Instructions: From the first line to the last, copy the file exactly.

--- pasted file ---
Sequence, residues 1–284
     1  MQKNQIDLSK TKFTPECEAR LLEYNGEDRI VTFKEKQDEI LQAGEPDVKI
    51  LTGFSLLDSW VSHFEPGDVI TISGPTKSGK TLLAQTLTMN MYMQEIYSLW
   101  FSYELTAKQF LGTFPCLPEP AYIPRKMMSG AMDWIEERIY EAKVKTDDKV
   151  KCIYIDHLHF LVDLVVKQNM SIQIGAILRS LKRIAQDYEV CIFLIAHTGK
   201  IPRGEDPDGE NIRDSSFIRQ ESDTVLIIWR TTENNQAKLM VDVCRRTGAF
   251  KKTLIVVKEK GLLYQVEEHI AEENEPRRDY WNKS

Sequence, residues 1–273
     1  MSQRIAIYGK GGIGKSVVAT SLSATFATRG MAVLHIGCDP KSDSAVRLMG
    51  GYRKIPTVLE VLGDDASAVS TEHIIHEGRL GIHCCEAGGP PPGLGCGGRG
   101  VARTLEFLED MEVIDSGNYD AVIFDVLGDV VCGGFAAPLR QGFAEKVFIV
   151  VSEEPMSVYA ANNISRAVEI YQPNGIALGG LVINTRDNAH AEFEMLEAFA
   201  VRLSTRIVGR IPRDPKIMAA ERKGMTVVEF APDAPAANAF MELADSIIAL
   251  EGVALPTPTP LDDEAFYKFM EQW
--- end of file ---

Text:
Sequence, residues 1–284
     1  MQKNQIDLSK TKFTPECEAR LLEYNGEDRI VTFKEKQDEI LQAGEPDVKI
    51  LTGFSLLDSW VSHFEPGDVI TISGPTKSGK TLLAQTLTMN MYMQEIYSLW
   101  FSYELTAKQF LGTFPCLPEP AYIPRKMMSG AMDWIEERIY EAKVKTDDKV
   151  KCIYIDHLHF LVDLVVKQNM SIQIGAILRS LKRIAQDYEV CIFLIAHTGK
   201  IPRGEDPDGE NIRDSSFIRQ ESDTVLIIWR TTENNQAKLM VDVCRRTGAF
   251  KKTLIVVKEK GLLYQVEEHI AEENEPRRDY WNKS

Sequence, residues 1–273
     1  MSQRIAIYGK GGIGKSVVAT SLSATFATRG MAVLHIGCDP KSDSAVRLMG
    51  GYRKIPTVLE VLGDDASAVS TEHIIHEGRL GIHCCEAGGP PPGLGCGGRG
   101  VARTLEFLED MEVIDSGNYD AVIFDVLGDV VCGGFAAPLR QGFAEKVFIV
   151  VSEEPMSVYA ANNISRAVEI YQPNGIALGG LVINTRDNAH AEFEMLEAFA
   201  VRLSTRIVGR IPRDPKIMAA ERKGMTVVEF APDAPAANAF MELADSIIAL
   251  EGVALPTPTP LDDEAFYKFM EQW